From road to rail.
The objective: to shift freight from road to rail.
The transfer of transalpine freight from road to rail is a prime objective of Swiss transport policy. The Swiss electorate has repeatedly voted for this objective so as to conserve the Alpine region.
The "new transalpine rail routes" (NEAT) project covering the Lötschberg and Gotthard routes is the centrepiece of the European railfreight corridor between Rotterdam and Genoa and, as such, forms the foundation of Switzerland's policy of transferring traffic from road to rail.
Once the Gotthard and Ceneri base tunnels are operational (late 2016 and late 2020 respectively), the level-track rail route between Basel and Ticino will become a reality. Thanks to the gentler gradients, freight traffic will become more efficient and environmentally friendly: goods will reach their destinations more rapidly and fewer locomotives will be needed to haul the trains.
However, these improvements will not be sufficient to attain the long-term objective of transferring traffic from road to rail. In order to encourage further growth, SBB will on behalf of the federal government upgrade the Gotthard route to a 4-metre corridor by 2020. While the Lötschberg-Simplon route already benefits from this profile, at present only semitrailers and containers with a 3.84-metre headroom can be carried on the Gotthard route. Although the Gotthard and Ceneri base tunnels have a 4-metre headroom, the approach routes from the North and the South do not.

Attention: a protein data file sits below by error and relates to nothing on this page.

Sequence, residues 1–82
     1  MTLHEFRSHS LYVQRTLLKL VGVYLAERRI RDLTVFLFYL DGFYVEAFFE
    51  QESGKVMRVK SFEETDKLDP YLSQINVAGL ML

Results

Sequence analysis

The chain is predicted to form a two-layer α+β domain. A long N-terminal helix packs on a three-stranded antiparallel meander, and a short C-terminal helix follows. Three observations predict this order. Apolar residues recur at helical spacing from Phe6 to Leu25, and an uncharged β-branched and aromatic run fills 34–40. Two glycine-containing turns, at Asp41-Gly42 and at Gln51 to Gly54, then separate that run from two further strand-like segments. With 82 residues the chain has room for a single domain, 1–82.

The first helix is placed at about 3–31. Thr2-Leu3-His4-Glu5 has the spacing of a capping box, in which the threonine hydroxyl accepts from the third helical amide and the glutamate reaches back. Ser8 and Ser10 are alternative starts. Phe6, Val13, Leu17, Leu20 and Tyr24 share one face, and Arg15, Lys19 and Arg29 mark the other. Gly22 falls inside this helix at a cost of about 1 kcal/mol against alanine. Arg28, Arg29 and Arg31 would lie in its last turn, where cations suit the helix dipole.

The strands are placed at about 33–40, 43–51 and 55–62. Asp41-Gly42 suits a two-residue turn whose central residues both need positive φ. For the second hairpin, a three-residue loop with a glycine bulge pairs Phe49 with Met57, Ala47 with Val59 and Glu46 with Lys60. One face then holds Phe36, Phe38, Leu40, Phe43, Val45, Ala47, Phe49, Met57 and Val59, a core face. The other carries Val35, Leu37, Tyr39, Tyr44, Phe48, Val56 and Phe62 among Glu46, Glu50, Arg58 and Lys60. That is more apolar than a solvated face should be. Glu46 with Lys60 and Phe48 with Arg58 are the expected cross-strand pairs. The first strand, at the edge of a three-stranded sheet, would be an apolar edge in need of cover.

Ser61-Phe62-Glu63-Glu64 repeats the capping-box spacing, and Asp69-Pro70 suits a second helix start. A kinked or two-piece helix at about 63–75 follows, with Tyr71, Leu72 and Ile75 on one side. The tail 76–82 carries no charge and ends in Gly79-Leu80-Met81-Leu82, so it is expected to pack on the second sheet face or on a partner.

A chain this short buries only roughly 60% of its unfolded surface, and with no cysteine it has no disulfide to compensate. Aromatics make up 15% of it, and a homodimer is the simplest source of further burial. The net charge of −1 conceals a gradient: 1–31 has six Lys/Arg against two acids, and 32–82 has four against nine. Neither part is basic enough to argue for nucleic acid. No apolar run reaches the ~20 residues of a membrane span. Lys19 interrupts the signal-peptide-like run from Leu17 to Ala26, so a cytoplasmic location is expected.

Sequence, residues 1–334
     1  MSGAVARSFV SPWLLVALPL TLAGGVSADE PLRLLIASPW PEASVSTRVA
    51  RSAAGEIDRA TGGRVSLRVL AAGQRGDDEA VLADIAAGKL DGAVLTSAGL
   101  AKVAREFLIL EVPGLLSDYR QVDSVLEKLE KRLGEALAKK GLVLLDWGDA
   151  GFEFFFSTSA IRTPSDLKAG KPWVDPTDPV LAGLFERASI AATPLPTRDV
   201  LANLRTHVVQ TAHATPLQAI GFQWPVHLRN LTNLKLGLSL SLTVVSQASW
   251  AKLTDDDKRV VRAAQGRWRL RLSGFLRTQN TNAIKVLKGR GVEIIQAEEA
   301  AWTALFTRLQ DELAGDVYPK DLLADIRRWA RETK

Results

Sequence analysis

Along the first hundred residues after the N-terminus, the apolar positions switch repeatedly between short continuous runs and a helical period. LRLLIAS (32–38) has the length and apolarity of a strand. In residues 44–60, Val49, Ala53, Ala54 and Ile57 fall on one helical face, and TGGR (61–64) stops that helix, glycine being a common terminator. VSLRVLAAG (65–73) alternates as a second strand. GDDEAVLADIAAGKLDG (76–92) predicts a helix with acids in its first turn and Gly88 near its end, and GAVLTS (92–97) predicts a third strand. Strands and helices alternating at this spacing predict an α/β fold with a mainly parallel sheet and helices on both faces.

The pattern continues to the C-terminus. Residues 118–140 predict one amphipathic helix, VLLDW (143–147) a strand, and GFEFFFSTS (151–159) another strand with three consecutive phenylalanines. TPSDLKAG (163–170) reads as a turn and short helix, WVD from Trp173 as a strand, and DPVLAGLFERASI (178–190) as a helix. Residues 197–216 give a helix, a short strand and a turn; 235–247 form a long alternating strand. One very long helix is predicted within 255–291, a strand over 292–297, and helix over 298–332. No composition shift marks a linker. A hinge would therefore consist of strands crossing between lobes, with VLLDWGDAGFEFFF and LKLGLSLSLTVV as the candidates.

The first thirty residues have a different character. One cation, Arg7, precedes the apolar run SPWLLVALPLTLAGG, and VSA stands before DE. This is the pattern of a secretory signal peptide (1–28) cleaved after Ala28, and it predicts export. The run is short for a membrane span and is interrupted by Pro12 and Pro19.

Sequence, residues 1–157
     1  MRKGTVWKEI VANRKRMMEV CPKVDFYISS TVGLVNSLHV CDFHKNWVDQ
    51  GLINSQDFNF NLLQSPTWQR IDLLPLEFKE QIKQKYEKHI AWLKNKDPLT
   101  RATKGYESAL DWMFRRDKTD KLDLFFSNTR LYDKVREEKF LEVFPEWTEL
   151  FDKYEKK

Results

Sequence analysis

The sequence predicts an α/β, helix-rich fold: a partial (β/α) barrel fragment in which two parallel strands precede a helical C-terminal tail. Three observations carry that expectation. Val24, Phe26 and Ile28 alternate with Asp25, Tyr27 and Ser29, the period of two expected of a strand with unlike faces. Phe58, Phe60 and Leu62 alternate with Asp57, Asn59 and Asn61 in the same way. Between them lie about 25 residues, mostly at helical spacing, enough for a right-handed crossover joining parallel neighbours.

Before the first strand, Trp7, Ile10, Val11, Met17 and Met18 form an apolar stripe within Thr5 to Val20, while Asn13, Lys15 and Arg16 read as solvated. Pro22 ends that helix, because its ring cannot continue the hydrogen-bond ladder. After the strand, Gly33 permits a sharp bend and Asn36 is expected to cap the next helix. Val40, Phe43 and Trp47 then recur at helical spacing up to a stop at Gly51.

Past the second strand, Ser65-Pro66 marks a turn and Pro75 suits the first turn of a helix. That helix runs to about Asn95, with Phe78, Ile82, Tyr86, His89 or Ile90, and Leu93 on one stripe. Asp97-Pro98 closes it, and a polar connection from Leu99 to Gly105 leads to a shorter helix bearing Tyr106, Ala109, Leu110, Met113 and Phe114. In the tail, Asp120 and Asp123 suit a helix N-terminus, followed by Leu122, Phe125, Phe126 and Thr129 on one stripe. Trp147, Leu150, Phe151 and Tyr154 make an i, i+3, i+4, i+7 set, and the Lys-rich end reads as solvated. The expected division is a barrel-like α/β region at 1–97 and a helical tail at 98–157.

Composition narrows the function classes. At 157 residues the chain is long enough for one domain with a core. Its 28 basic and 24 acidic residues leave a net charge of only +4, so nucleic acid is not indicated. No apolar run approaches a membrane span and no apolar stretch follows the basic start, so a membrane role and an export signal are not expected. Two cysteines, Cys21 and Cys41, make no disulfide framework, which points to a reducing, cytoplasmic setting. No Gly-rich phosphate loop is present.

Creating a 4-metre corridor along the Gotthard route is, therefore, an appropriate measure for transferring additional freight traffic from road to rail as of 2020 and thus for supporting the electorate's demands. The Federal Council expects that the two new Lötschberg and Gotthard transalpine rail routes will result in a threefold increase in rail traffic. In other words: instead of the 80,000 transalpine truck trips a year, from 2030 trains will reduce the number of trips by around 240,000.
The 4-metre Gotthard corridor will enhance rail traffic's competitiveness and make a further important contribution to conserving the Alpine region.